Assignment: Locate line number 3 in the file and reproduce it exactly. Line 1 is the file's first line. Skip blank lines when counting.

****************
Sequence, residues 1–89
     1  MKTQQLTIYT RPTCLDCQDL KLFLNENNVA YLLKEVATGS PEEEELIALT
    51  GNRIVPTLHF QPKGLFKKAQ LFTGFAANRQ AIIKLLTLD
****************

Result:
    51  GNRIVPTLHF QPKGLFKKAQ LFTGFAANRQ AIIKLLTLD